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STANDING SILENT About 100 people turned out on Saturday evening, November 17, for a special JCC Jewish & Israeli Film Festival presentation of “Standing Silent.” The powerful documentary about the uncovering of sexual abuse in the Orthodox Jewish community of Baltimore was introduced by its writer and producer Scott Rosenfelt, who hails from Easton and whose credits include “Home Alone” and “Mystic Pizza.” A Q&A with Rosenfelt and with forensic psychologist Dr. Robert Gordon followed the presentation. The evening was co-sponsored by Lexus of Lehigh Valley in memory of Rosenfelt’s father Lou Rosenfelt, a long-time Lexus employee.

Jocelyn B. Hodes Financial Advisor 30 S. 17th Street, Suite 2000 Philadelphia, PA 19103-4097 Tel: 215-496-7640

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Lehigh Valley Jewish Foundation The endowment fund of the Jewish Federation of the Lehigh Valley

IN MEMORY RUBY ARONSKY (Mother of Anne Gutman and Steven Aronsky) Evelyn and Jay Lipschutz FREDERICK FRIEDMAN (Father of Karen Cooper) Lenny Abrams Lisa and Ellis Block Wendy and Ross Born Cheryl and Scott Brenner Jan and Glenn Ehrich Iris, Jon, Harry and Charlie Epstein Roberta Epstein Carol and Gary Fromer Sandra and Harold Goldfarb Jocelyn and Jon Hodes Vicki and Stan Wax DANIELLE GOREN (Daughter of Terrie and Len Goren) Melissa Lulay SOLOMAN GRATCH (Father of Allison Lipson) Judy, Marc, Noah and Molly Diamondstein Suzanne Lapiduss Ann and David Packman Joanne and Robert Palumbo Lorrie and Jay Scherline Carah and Ryan Tenzer Vicki and Stan Wax ANNE GRIBBEN (Mother of Allen Gribben) Wendy and Ross Born Carol and Stewart Furmansky Rusty and Nate Schiff ANDREW HAFETZ (Son of Zena and Harvey Hafetz) Elaine and Les Lerner ETHYLE HALPER (Mother of Barry Halper) Lisa and Ellis Block Lisa and Barnet Fraenkel Randi and Donald Senderowitz PHILIP JACOBSON (Husband of Avie Jacobson) Sybil and Barry Baiman & Family Vicki and Stan Wax RUTH MOLLICK (Mother of Lynn Mollick and Helen Mollick)

Pearl and Morton Litwak MARTIN ROSENBLUM (Father of Marjorie Ofrichter) Lenny Abrams Jan and Glenn Ehrich Carol and Stewart Furmansky Martin Spiro Frank Tamarkin Judy Diamondstein and The Maimonides Society Vicki and Stan Wax ARLEN SPECTER (Father of Shanin Specter) Jay Scherline MARVIN WEISS (Husband of Judy Weiss and father of Lynda Somach, Janet Quate and Jodi Holman) Lisa and Ellis Block Evelyn and Jay Lipschutz Randi and Donald Senderowitz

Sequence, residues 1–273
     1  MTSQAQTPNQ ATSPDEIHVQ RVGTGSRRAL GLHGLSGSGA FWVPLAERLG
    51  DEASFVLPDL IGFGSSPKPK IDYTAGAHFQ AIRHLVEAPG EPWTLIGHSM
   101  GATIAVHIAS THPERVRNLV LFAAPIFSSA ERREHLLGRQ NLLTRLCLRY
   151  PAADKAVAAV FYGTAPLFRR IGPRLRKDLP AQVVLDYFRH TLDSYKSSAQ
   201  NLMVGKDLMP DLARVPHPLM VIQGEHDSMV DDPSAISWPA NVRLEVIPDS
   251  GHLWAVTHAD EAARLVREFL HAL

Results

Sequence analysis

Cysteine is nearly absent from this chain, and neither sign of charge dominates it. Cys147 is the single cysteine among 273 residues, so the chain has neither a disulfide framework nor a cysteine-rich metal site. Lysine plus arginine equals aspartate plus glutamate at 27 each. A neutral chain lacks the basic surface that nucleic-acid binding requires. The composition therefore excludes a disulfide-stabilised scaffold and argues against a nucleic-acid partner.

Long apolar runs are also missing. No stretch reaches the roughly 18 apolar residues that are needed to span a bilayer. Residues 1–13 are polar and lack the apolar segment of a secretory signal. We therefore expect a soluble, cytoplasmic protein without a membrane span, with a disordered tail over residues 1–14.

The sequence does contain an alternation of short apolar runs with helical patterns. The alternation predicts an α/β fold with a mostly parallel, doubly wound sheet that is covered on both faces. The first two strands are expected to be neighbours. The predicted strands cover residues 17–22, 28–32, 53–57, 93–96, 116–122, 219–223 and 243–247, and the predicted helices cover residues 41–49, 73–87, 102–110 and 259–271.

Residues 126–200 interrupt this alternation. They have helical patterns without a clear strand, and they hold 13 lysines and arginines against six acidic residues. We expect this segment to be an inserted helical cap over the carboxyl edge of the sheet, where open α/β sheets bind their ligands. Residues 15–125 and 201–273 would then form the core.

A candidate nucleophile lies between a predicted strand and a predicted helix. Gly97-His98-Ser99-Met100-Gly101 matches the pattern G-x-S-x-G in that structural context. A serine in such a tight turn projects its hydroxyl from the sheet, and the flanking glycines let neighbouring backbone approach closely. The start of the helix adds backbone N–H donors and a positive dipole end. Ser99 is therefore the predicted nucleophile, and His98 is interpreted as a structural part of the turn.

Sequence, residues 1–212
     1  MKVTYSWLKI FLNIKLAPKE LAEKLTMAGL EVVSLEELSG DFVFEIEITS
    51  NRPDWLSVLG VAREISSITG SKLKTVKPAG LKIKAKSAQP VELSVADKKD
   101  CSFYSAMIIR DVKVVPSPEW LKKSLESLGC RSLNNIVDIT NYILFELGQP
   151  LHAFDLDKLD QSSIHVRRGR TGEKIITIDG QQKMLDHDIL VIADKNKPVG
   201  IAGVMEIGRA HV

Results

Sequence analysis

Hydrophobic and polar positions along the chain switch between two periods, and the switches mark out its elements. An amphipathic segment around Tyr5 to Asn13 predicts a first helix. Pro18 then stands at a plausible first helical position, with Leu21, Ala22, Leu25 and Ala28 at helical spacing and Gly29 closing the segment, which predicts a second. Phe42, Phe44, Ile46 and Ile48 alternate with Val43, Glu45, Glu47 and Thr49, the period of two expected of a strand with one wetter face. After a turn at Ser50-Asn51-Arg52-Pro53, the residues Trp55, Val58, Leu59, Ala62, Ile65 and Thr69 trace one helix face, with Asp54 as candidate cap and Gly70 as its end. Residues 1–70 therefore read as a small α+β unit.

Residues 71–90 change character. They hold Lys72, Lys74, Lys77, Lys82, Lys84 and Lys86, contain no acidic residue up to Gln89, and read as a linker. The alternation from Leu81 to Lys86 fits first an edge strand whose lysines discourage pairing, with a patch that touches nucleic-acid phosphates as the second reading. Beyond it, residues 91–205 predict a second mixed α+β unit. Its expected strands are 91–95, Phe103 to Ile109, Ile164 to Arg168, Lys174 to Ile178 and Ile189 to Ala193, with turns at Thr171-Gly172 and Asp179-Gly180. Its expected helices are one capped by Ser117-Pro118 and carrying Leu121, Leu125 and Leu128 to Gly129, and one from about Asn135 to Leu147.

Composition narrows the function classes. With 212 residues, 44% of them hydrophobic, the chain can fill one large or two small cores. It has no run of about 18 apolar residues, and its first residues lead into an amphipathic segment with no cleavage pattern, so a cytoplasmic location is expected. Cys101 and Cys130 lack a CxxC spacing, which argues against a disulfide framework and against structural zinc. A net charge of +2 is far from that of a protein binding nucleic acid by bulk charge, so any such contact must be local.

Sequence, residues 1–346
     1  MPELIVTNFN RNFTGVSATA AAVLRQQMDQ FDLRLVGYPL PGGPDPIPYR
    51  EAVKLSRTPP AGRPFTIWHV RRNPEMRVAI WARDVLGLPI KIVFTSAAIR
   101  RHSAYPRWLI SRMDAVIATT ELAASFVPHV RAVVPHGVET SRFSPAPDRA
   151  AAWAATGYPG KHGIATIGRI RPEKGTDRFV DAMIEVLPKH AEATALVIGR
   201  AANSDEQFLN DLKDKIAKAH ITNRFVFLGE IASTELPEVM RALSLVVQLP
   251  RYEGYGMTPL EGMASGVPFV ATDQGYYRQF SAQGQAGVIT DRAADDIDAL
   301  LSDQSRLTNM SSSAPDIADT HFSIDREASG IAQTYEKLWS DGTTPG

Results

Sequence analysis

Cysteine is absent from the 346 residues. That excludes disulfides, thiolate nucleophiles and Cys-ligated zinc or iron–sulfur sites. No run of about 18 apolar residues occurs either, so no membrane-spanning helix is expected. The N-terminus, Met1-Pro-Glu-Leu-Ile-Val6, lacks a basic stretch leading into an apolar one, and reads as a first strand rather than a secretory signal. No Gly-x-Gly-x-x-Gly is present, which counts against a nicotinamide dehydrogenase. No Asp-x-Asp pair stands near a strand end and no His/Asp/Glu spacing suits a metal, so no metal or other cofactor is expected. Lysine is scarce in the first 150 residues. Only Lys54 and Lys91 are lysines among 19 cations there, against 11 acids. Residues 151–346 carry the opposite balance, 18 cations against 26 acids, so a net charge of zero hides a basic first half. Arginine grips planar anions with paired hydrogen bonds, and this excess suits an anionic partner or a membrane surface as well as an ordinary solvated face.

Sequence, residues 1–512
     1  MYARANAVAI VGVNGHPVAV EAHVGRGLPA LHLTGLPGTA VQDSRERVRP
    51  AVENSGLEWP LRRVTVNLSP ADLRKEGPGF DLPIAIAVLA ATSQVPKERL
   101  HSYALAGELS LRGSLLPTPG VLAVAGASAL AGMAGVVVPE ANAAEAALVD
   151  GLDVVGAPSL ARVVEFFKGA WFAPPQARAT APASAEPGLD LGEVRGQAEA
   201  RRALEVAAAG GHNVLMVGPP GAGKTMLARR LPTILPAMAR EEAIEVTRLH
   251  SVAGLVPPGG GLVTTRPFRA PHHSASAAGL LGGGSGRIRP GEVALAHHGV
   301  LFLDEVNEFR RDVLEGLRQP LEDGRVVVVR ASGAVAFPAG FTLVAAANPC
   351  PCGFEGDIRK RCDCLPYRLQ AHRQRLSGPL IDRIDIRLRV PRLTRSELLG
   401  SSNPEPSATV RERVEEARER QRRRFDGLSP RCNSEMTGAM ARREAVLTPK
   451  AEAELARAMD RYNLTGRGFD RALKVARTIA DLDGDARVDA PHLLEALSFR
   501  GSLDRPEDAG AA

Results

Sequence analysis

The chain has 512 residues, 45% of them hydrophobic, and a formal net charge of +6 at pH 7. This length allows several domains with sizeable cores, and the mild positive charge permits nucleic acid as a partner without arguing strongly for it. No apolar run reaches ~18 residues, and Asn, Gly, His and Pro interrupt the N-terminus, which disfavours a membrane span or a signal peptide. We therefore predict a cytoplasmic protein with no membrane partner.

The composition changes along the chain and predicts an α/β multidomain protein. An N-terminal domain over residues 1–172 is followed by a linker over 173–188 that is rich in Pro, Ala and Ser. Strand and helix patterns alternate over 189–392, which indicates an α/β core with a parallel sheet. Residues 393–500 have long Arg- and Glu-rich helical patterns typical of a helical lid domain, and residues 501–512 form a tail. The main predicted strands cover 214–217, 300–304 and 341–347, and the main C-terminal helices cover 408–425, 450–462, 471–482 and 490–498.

IN HONOR JOAN BRODY In appreciation for all of your work in making our Israel trip so easy and memorable Jill and Jeff Blinder JAN AND GLENN EHRICH Marriage of daughter Naomi to Dani Saks Judy, Marc, Noah and Molly Diamondstein Barbara and Arthur Weinrach BARRY HALPER New president of the Jewish Federation of the Lehigh Valley Barbara and David Sussman CAROL AND BARRY HALPER Birth of grandson, Henry Bennett Halper Iris, Jon, Harry and Charlie Epstein Evelyn and Jay Lipschutz Linda and Mike Miller Cooky and Mike Notis BETH AND WES KOZINN Birth of grandson, Joseph Brill Suzanne Lapiduss & Family LINDA AND HAROLD KREITHEN Granddaughter’s Bat Mitzvah Lisa and Barnet Fraenkel JENNIFER AND GARY LADER

Son Jacob’s Bar Mitzvah Monica and Henry Friess JUDY AND MORTON MILLER Marriage of granddaughter, Becky Betty Greenberg LINDA AND MIKE MILLER Special Wedding Anniversary Wendy and Ross Born LINDA AND MIKE MILLER Granddaughter’s Bat Mitzvah Wendy and Ross Born JOANNE AND ROBERT PALUMBO Son Benjamin’s Bar Mitzvah Carol and Gary Fromer NICOLE AND JARROD ROSENTHAL In Appreciation Charlie Epstein JOE SAVITZ Special Birthday Jill and Hank Narrow MARK SCOBLIONKO Receiving the President’s Award from the Jewish Federation of the Lehigh Valley Barbara and David Sussman BARBARA S. SUSSMAN Special Birthday Eydie and Neil Glickstein EILEEN UFBERG Happy Birthday Merry Landis VICKI WAX Receiving the Kipnis-Wilson/Friedland Award Eydie and Neil Glickstein Randi and Donald Senderowitz Barbara and David Sussman HAROLD WEINSTEIN Happy 90th Birthday Joani Lesavoy and Sid Greenberg DEBI AND DAVID WIENER Daughter Jordyn’s Bat Mitzvah Roberta Epstein We gratefully acknowledge those individuals who have offered expressions of friendship through recent gifts to the Lehigh Valley Jewish Foundation. The minimum contribution for an Endowment Card is $10. Call 610821-5500 or visit to place your card requests. Thank you for your continued support.